During the late 1640s Poussin turned to landscape painting. In such works as the Death of Phocion (1648) he constructed a classical landscape, ordered with mathematical precision through the use of architecture. A renewed interest in mythology led him to favor esoteric themes, as in the Landscape with Orion (1658; Metropolitan Mus.). In his late work he developed a freer conception of nature, while his figures were considerably reduced in size and importance. Of his last works, the paintings in the series known as the Four Seasons (1660-64; Louvre) are most notable.

See his drawings ed. by W. F. Friedlander (4 vol., 1939-63); his paintings ed. by A. Blunt (1966); studies by C. Wright (1985) and Y. Zolotov (1985).

Chuquet, Nicolas, c.1450-1500, French mathematician, probably b. Paris. Little is known of Chuquet's life. At Lyons in 1484 he composed a manuscript on the science of numbers, which was finally published in two parts in 1880 and 1881. The first part, called the "Triparty," was a treatise on algebra and contained the first use of the radical sign with an index (such as the number 3, indicating a cube root); the second part contained the statement of, and the replies to, a set of 156 mathematical problems.
Catinat, Nicolas, 1637-1712, marshal of France. The son of a magistrate, he won promotion by merit rather than by wealth or descent. In the War of the Grand Alliance he commanded against Duke Victor Amadeus II of Savoy, whom he defeated in N Italy at Staffarda (1690) and at Marsaglia (1693). Early in the War of the Spanish Succession, he commanded the French army in Italy, against Prince Eugene of Savoy, but after suffering reverses he was replaced. He retired in 1705 and later wrote his memoirs.
Gombert, Nicolas, c.1500-c.1560, Flemish composer. Gombert was the greatest follower of Josquin des Prés. He served at the court of Emperor Charles V. His sacred works make great use of imitative counterpoint; his secular songs express delight in nature.
Perrot, Nicolas, 1644-c.1718, French explorer in Canada and the Old Northwest. He came to New France as a child and, in service of the Jesuit missionaries, became acquainted with the Native Americans and Native American languages. Later, as a fur trader around Green Bay, he acquired considerable influence over the Indians of Wisconsin and in 1670 was sent to the West by Frontenac to take formal possession for France. In 1684, with Duluth, he helped bring the western Native Americans into the French campaign against the Iroquois, and in 1690 he visited Mackinac to prevent an Iroquois alliance.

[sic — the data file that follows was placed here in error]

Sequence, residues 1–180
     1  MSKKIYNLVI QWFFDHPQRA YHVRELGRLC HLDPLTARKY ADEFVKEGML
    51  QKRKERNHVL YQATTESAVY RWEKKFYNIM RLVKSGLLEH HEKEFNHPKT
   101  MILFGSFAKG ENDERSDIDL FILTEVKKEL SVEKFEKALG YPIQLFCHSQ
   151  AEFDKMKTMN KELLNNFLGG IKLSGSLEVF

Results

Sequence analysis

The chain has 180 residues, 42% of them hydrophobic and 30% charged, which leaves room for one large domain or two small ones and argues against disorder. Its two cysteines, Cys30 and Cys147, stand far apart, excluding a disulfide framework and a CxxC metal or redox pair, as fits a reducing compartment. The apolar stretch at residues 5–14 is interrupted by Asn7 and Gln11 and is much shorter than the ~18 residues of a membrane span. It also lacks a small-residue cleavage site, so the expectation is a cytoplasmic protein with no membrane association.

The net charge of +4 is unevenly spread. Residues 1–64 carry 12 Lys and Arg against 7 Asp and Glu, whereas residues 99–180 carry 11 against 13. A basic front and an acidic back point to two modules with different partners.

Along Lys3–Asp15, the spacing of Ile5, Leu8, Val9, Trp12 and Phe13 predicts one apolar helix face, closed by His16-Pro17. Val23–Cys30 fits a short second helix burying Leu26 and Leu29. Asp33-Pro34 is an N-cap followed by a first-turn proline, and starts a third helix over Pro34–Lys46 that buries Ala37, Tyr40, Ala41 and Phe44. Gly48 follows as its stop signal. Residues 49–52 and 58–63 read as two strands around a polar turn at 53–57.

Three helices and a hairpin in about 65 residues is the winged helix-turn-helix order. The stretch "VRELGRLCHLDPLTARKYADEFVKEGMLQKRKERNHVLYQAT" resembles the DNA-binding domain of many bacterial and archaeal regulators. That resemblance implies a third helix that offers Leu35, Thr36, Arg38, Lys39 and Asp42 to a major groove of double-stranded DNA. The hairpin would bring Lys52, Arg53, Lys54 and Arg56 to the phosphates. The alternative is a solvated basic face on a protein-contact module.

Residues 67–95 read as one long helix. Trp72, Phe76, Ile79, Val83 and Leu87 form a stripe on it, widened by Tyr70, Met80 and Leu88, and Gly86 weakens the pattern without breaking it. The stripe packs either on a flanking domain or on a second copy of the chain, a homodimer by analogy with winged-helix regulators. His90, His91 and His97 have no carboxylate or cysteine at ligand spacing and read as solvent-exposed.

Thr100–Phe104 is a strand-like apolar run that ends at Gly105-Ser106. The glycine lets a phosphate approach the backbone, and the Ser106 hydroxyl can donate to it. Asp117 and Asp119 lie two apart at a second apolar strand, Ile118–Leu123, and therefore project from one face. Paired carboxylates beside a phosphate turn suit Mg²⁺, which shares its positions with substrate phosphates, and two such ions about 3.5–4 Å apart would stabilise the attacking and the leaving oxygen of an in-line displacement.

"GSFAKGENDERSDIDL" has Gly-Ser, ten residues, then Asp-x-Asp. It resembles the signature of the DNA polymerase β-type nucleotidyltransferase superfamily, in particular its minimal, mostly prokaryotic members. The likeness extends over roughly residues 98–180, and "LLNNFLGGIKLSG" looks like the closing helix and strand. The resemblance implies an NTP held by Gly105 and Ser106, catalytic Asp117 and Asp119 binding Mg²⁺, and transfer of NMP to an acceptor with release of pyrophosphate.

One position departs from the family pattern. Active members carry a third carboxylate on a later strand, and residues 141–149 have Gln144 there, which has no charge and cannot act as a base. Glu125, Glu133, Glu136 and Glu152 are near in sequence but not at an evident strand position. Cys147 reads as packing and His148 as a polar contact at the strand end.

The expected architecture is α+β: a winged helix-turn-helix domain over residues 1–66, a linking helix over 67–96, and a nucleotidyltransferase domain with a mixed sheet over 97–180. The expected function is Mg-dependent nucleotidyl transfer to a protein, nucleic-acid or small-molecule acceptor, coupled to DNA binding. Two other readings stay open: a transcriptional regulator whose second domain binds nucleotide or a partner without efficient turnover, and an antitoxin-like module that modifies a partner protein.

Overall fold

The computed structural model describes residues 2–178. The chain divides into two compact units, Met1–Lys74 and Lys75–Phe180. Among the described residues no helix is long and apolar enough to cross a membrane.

Perrot was made (1685) commandant of the territory around Green Bay and opened trade with the Sioux as well as with other Indians and in 1689 formally claimed possession of the upper Mississippi region for New France. Probably in 1690 he discovered the lead mines of SW Wisconsin. When all trading licenses were revoked, he returned to Lower Canada and was employed as Indian interpreter in 1701. He is best remembered for his Mémoire sur les mɶurs, coustumes et relligion des sauvages de l'Amérique Septentrionale (1864), the one memoir to survive out of his many writings.

Appert, Nicolas, also known as François Appert, 1750-1841, French originator of a method of canning. In 1795 the French government offered a prize of 12,000 francs for a method of preserving food, especially for use by the army and navy. Appert, already an experienced chef, began to experiment in his workshop at Massy, near Paris, and in 1810 was awarded the prize for his method. The method, based on the idea that heat destroys or neutralizes the ferments that cause food spoilage, involved cooking foods in corked jars. Appert published several editions of his results (The Art of Preserving, tr. 1920) and with his prize money opened the first commercial cannery in the world.

Rimbaud, detail from “Un Coin de table,” oil painting by Henri Fantin-Latour, 1872; in elipsis

(born Oct. 20, 1854, Charleville, France—died Nov. 10, 1891, Marseille) French poet and adventurer. The provincial son of an army captain, he had begun by age 16 to write violent, blasphemous poems, and he formulated an aesthetic doctrine stating that a poet must become a seer, break down the restraints and controls on personality, and thus become the instrument for the voice of the eternal. He was invited to Paris by Paul Verlaine, with whom he had a homosexual relationship and engaged in a wild and dissipated life. The Drunken Boat (written 1871), perhaps his finest poem, displays his astonishing verbal virtuosity and a daring choice of images and metaphors. In Les Illuminations (written 1872–74), a collection of mainly prose poems, he tried to abolish the distinction between reality and hallucination. A Season in Hell (1873), which alternates prose passages with dazzling lyrics, became his farewell to poetry at age 19. After they had a falling-out, Verlaine shot and wounded Rimbaud; afterward their final meeting ended in a violent quarrel. Rimbaud abandoned literature and from 1875 led an international vagabond life as a merchant and trader, mainly in Ethiopia; he died at age 37 after his leg was amputated. The Dionysian power of his verse and his liberation of language from the constraints of form greatly influenced the Symbolist movement and 20th-century poetry.